'Crystal Meth' Use Boosts STD Rates Among Gay Men

The amphetamine seems to be fueling rise in syphilis, HIV infections

THURSDAY, March 11, 2004 (HealthDayNews) -- Crystal methamphetamine -- or "speed" -- seems to be a driving factor behind higher rates of sexually transmitted disease among gay and bisexual men.

In one study from San Francisco, gay men who visited a health clinic were twice as likely to be infected with the AIDS virus if they had recently used the illegal drug. And they were nearly five times as likely to be diagnosed with syphilis.

Armed with the new statistics, federal health officials said Wednesday they're searching for effective ways to cope with what they see as a growing threat. Among other things, researchers are studying the value of rapid sexually transmitted disease (STD) tests and exploring the use of the Internet to notify the sex partners of STD patients about their risks.

"There are a lot of innovations under way. We expect to be able to share more of these as we learn more about their success and limitations," said Dr. Ronald O. Valdiserri, deputy director of the HIV, STD and TB prevention center at the U.S. Centers for Disease Control and Prevention. He spoke during a press briefing Wednesday at the National STD Prevention Conference in Philadelphia.

Overall, sexually transmitted diseases strike an estimated 19 million Americans a year, at a cost of $15 billion, said Dr. John Douglas, director of the CDC's STD prevention efforts. While many of those infected are heterosexual, federal health officials are devoting much of their attention to what Douglas calls "crescendoing" STD rates among gay and bisexual men.

Syphilis, in particular, is drawing much attention. The federal government had hoped to virtually eradicate the disease during this decade, but an epidemic among gay and bisexual men during the past four years has scuttled those plans.

Gonorrhea also strikes men who have sex with men, but rates have dropped over the last few years.

AIDS, meanwhile, remains the greatest threat of all the sexually transmitted diseases. Researchers can't easily track the rate of new HIV infections because many people don't get diagnosed for years. However, federal statistics released last fall revealed that infection rates among gay and bisexual men in 29 states grew by 17 percent from 1999 to 2002.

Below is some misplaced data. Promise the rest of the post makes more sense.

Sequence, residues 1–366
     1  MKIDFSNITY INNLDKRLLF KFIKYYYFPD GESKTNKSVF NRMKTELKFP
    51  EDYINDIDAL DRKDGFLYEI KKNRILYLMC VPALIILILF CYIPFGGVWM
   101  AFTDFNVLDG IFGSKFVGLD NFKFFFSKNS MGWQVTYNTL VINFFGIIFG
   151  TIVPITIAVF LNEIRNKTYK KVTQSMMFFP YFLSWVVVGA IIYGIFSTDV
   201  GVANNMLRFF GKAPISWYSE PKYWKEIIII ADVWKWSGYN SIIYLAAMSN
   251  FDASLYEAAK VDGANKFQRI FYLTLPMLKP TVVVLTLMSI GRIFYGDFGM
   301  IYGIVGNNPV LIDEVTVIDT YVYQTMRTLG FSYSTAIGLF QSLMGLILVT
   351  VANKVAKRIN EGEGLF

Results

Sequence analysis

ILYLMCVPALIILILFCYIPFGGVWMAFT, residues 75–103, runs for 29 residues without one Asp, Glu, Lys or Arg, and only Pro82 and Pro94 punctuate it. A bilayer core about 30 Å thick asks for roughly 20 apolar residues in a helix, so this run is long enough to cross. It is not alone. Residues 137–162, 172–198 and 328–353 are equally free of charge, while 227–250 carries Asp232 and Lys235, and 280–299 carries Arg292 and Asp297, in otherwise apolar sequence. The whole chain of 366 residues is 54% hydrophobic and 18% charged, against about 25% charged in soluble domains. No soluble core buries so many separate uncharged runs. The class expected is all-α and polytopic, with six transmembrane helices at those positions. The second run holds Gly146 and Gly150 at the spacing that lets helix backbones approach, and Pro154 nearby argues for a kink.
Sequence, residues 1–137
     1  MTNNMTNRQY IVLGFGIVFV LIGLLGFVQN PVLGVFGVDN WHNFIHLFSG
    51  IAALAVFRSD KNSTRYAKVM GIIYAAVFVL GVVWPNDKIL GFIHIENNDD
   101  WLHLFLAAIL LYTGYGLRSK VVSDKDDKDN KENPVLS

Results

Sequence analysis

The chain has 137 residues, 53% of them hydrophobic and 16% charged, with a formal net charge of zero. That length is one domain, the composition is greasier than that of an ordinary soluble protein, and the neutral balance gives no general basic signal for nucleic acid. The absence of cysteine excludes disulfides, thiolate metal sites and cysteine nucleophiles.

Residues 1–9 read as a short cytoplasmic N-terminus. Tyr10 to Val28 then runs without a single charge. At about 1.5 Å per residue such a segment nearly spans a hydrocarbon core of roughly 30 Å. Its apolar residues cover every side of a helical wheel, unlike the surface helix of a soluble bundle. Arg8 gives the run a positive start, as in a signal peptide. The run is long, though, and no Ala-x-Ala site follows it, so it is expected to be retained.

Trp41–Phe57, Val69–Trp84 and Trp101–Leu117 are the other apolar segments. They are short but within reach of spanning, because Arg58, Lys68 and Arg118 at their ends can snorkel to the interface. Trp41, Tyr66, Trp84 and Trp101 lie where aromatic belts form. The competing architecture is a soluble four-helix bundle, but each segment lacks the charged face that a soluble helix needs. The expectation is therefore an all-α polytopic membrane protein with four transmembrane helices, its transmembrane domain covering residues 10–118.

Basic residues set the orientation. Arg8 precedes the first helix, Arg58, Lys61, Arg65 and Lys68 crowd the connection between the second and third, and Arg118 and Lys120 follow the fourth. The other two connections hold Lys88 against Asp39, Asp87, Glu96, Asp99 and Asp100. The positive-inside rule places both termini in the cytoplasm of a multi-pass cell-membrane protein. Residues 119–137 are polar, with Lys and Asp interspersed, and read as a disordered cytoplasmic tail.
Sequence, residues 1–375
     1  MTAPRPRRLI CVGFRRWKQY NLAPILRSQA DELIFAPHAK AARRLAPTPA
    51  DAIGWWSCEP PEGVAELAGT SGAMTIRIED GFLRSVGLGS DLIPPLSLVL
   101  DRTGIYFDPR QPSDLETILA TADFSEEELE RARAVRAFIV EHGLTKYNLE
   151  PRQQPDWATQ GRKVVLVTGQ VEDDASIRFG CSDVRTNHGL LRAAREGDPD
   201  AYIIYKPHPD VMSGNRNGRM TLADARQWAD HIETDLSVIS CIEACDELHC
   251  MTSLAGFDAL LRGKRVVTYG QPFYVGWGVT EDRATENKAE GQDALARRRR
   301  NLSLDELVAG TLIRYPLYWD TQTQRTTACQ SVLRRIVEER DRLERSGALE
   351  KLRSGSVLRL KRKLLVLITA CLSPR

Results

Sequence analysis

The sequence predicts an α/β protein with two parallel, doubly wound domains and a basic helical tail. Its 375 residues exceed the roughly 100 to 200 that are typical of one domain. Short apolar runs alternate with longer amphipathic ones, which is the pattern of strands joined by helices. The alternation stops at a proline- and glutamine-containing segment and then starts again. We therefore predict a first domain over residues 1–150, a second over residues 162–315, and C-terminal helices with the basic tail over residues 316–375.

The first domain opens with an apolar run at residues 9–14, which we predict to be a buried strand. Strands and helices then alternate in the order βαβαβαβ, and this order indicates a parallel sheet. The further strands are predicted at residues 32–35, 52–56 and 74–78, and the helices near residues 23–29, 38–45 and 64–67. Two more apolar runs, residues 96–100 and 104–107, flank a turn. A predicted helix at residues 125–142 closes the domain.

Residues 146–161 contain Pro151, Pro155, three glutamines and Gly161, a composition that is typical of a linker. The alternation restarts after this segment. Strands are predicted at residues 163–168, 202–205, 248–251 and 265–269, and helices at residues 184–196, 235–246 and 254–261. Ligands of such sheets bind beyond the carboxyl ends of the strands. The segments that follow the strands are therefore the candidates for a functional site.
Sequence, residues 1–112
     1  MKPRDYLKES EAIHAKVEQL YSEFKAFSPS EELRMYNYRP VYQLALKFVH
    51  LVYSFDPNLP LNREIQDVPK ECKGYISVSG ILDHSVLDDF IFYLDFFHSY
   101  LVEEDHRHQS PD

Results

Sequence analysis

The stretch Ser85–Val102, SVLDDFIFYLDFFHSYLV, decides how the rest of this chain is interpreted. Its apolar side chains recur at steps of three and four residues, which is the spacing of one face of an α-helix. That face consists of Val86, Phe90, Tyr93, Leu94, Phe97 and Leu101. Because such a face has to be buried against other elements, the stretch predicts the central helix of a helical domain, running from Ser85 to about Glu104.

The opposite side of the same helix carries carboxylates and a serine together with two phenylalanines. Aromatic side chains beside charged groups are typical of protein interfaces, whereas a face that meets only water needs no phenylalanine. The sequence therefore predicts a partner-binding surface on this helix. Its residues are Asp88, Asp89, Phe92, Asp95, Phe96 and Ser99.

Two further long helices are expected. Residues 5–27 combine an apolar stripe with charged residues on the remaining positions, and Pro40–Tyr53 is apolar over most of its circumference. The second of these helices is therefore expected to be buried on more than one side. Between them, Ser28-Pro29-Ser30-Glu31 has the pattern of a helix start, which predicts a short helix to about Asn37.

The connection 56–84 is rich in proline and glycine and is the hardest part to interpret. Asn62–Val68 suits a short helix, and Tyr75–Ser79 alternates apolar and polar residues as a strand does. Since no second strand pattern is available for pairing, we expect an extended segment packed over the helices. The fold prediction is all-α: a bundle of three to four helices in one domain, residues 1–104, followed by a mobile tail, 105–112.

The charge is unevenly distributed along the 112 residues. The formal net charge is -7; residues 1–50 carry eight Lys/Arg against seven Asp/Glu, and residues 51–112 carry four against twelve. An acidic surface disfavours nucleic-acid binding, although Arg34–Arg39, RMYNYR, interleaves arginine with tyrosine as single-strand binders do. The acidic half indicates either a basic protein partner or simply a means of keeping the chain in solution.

Experts fear the AIDS epidemic is growing worse because gay men are abandoning safer sex practices, possibly because of "condom fatigue" or a misplaced belief that AIDS is a treatable condition.

In recent months, community activists and researchers have focused on the role of crystal meth, also known as "crystal" or "meth." The drug heightens sensations of all types, making it a popular drug to take before intercourse. According to researchers, the drug seems to be especially popular among men who engage in unprotected anal sex, Valdisseri said.

Several new studies from San Francisco released Wednesday document the link between crystal meth use and unsafe sex. One study found that 16 percent of gay and bisexual men used crystal meth the last time they had anal sex; the users were twice as likely as others to not use condoms during receptive anal sex, Valdisseri said.

Another study reported that 17.4 percent of gay and bisexual men who visited an STD clinic had used crystal meth within the past four weeks, he said.

Elsewhere, research in Seattle suggests crystal meth users are three to four times more likely to be infected with HIV than other gay and bisexual men.

The findings also provide more evidence that many HIV-positive men continue to put others at risk by having unprotected sex. "They need a lifetime of support to maintain safe behaviors and protect their health and their partners' health," Valdiserri says.

Researchers say there are several promising ways to prevent STDS among gay and bisexual men:

  • Notification of sex partners of STD patients through the Internet. Experts say a growing number of gay and bisexual men meet anonymous sex partners through the Internet. Several small studies suggest that many men would respond to heads-up e-mails from health officials warning them that their partners are infected with STDs.
  • Better outreach to the gay community through the media and in venues like bars, sex clubs and parties. Researchers say the efforts need to both educate gay men and encourage them to take responsibility for their decisions regarding sex.
  • More free STD tests and greater use of rapid tests for HIV infection and, now, for syphilis that allow people to get results immediately. "If we can do 'one-stop shopping' for people at various high-risk venues that's going to help," Valdiserri said.

But a one-size-fits-all approach to STD prevention remains elusive. "If we had a simple answer, we could close up shop," said Dr. Kenneth Mayer, an AIDS expert and professor of medicine and community health at Brown University.

More information

To learn more about HIV/AIDS and treatments, visit the U.S. Centers for Disease Control and Prevention or the National Institute of Allergy and Infectious Diseases. To get information about crystal methamphetamine and HIV, try AIDSHotline.org.

SOURCES: Ronald O. Valdiserri, M.D., deputy director, HIV, STD and TB prevention center, U.S. Centers for Disease Control and Prevention, Atlanta; John Douglas, M.D., director, STD Prevention Division, CDC, Atlanta; Kenneth Mayer, M.D., professor, medicine and community health, Brown University, Providence, R.I.; March 10, 2004, presentation, National STD Prevention Conference, Philadelphia
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